Holiday from heartburn

We are reminded on this day or all days to offer thanks to whatever deity, fateful intervention or personal attribute we choose to credit for our health and good fortune. To allow others at the dinner table to experience additional gratitude, perhaps this is the day of all days and the year of all years to leave off discussing politics.

Whether host or guest, the old etiquette offers new guidance: discussion of religion, money or politics can take you and the rest of the company to a bad place. Especially politics, for the issues that divide the nation also divide families. True, with the unending news cycle, social media and all-around passion, avoiding politics in conversation won’t be easy. Engaging in a political back-and-forth with those of differing views would be exceptionally unrewarding.

According to a Pew Research study, 59 percent of Americans find discussing politics with those who share different views of the national political picture stressful and anxiety-inducing. To which we say: Duh. One in four Americans say their relationships — even their close relationships — have been sorely tested by the recent midterm elections. (We were going to say “recently concluded midterm elections” but, at this writing, some of them are still battling it out).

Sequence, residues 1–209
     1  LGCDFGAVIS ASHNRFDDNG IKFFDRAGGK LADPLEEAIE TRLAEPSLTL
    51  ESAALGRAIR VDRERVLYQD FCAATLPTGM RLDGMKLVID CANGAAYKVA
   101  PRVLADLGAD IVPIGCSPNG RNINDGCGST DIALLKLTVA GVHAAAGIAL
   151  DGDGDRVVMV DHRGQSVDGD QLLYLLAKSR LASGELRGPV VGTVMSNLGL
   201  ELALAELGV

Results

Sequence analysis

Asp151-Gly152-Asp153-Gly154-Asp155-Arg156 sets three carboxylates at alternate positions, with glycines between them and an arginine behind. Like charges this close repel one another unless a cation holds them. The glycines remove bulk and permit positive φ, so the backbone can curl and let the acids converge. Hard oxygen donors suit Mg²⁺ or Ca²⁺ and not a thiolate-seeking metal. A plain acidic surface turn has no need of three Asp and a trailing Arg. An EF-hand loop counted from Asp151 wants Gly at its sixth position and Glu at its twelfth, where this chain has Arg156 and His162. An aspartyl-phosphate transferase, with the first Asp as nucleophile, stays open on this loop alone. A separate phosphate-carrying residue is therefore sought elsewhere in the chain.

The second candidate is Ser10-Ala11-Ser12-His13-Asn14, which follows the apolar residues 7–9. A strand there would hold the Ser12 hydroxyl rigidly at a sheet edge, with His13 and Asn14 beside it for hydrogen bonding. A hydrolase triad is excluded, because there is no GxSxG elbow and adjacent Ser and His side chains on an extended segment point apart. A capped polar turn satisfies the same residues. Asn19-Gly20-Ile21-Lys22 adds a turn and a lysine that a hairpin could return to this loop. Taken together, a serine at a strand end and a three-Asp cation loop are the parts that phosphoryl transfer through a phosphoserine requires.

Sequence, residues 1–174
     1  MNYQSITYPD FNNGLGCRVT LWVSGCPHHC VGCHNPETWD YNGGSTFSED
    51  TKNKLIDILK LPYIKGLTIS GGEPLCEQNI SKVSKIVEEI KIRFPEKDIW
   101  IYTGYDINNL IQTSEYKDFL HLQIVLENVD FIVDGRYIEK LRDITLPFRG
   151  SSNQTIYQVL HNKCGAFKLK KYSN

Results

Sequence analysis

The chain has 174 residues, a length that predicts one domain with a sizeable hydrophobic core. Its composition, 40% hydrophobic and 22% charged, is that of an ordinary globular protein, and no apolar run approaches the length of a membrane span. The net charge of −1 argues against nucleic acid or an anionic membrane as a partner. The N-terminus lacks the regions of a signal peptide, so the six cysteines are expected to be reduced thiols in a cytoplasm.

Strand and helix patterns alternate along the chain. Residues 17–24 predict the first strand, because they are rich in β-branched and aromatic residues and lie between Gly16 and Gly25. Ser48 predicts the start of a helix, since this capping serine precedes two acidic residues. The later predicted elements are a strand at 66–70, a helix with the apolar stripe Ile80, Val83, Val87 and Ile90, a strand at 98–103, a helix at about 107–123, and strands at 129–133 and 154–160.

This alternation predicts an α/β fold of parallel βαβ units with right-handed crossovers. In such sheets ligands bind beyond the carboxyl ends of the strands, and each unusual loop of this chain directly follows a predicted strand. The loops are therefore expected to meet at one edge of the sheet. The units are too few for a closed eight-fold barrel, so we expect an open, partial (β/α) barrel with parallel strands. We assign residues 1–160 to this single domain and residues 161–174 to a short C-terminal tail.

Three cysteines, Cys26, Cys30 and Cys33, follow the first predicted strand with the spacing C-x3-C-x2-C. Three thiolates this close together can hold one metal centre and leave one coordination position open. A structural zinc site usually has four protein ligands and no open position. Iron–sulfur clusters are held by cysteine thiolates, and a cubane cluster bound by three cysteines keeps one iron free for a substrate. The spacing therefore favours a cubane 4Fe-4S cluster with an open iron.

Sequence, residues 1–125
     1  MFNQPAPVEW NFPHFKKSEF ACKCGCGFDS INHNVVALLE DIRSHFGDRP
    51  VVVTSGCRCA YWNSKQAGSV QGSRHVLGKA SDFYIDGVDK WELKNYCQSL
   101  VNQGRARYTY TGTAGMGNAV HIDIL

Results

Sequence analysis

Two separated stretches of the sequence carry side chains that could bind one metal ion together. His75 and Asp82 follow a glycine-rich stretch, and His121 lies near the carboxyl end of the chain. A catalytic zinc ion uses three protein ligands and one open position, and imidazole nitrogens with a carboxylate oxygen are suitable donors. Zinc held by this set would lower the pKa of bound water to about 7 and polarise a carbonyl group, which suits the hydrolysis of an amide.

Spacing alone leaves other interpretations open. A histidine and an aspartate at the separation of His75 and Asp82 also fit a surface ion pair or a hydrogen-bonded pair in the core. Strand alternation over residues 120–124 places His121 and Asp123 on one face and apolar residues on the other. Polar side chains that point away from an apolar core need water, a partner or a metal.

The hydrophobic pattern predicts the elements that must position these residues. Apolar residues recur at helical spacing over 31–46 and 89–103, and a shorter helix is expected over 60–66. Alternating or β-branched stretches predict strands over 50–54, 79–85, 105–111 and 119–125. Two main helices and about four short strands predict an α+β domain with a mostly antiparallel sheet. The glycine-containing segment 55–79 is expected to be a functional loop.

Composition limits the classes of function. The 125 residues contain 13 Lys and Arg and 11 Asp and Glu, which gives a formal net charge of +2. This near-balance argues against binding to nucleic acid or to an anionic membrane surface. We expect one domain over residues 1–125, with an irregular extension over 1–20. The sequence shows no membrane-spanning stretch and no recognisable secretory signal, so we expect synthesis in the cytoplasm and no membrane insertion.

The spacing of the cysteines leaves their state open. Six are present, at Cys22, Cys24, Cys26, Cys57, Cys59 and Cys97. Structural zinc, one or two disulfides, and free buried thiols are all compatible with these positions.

The curious thing about the current season’s division and partisanship is that even people who agree with one another on an issue or candidate may disagree on the depth or sincerity of one another’s ideological commitment.

It would be tragic, if not alarming, if our inescapable political divisions undermined the events, celebrations and observances that — far more than any government or policy — hold us together. Family and friends are the true cornerstones of a civil society. If these relationships were overwhelmed by politics, what would we have left to value?

Certainly debate the virtues of brined turkey over spiral cut ham, yams over turnips, a bracing sauvignon blanc over a mellow pinot noir. But red over blue, left over right? Those can drive a wedge between a once united people. They already have. And the likelihood of changing the mind of the person across the table is not good. Better, perhaps, to be the change. “If we could change ourselves,” Gandhi said, “the tendencies in the world would also change. As a man changes his own nature, so does the attitude of the world change towards him. … We need not wait to see what others do.”

Happy Thanksgiving.

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